Adult Bearded Vulture soaring over the Maloti-Drakensberg
Part of the activities of the Task Force is for all role-players to get together twice a year to coordinate and plan their work across the range of the species and participants from KwaZulu-Natal, Lesotho, the Free State and the Eastern Cape attend these meetings which are chaired by the species coordinator, Sonja Krüger. The latest was held in the small Eastern Cape Town of Matatiele and it was great to be able to set in place monitors in some of the areas where monitoring of sites were rather poorly covered among other issues covered during our deliberations.
One of the people attending the discussions is a local community-based guide from this area of the Eastern Cape, Thulesile Nganga*, who has been working among the rural communities in this part of the Bearded Vulture’s range for several years and has gathered a lot of information on the use of local wildlife in the muthi trade of the area. We were rather surprised when he pulled a package from his back-pack which contained the head and a foot of a young Cape Vulture which he purchased from a local dealer!
Thule with a Cape Vulture head and foot bought from a healer in town
Thule also provided us with valuable insights into the demand and uses of Bearded Vultures in particular among the isiXhosa-speaking communities in this part of the Eastern Cape. Although some of the aspects mentioned hereafter need further investigation, it is quite frightening to think of the impact that these use have on the Bearded Vulture in addition to the other factors that contribute to the current conservation status of this species.
At this stage there are 6-7 traditional healers practicing their trade in this area and each of them use at least one vulture in a year. Bearded Vultures are by far the most sought-after species of vulture to be used in these parts and their relative rarity probably contributes to the greater demand and higher status. Traditional healers prefer that birds are captured alive as the head needs to be removed while it is still living so that “the brain does not flow down into the spinal chord” and the muthi loses its potency. Birds are often shot out of the air with a bow and arrow and the grounded bird is then killed. This contradicts the use of poison which is wide-spread elsewhere in South Africa and the rest of the continent. The use of poison is however a far easier, less time-consuming and cheaper way of getting hold of birds and could over time replace this belief and practice in the area.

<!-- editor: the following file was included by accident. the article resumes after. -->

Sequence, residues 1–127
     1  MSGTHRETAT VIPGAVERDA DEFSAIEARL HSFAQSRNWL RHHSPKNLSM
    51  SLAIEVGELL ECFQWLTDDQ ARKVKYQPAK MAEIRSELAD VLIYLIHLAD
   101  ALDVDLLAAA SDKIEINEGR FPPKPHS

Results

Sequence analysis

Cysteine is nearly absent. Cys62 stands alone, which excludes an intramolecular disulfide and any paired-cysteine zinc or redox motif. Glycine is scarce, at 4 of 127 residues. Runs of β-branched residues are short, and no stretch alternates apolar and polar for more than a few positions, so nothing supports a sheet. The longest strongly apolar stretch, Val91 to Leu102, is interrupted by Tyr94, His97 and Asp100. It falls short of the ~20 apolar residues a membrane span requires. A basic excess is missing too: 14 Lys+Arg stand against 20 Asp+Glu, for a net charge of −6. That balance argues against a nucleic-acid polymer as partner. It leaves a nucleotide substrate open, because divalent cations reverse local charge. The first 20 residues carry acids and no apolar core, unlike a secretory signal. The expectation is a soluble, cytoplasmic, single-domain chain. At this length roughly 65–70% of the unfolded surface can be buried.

The range of uses of vulture parts in this area is also considerably wider compared to our current knowledge of practices elsewhere. Although vultures are also used for clairvoyant purposes here, and betting on soccer and horse-races, were specifically mentioned, the following information was also obtained:
• Vulture bones are used during circumcision ceremonies. Due to the secretive nature of these rituals, the exact purpose and beliefs in this regard are poorly understood
• Vulture feathers are popular items of decoration with young boys
• The bill is used to protect young herd boys in the mountains
• Talons are burnt and used in a mixture of herbs to treat fever in children
• There is a higher demand for vulture parts during certain cultural events
Information about area-specific beliefs and uses of vulture parts are vitally important in assessing the scope and extent of the threat that this poses for an endangered species such as the Bearded Vulture. The recent establishment of a Zululand Raptor Working Group in partnership with the Wildlands Conservation Trust will in time also be of similar value to acquire more substantive information on vulture uses from this area. It is currently known that vulture populations in Zululand are under severe pressure from harvesting of birds for use in traditional medicine and information acquired through the community based fieldworkers will assist in expanding our knowledge and play an important role in determining our future strategies to address this threat.
*Name has been changed to protect the informant’s identity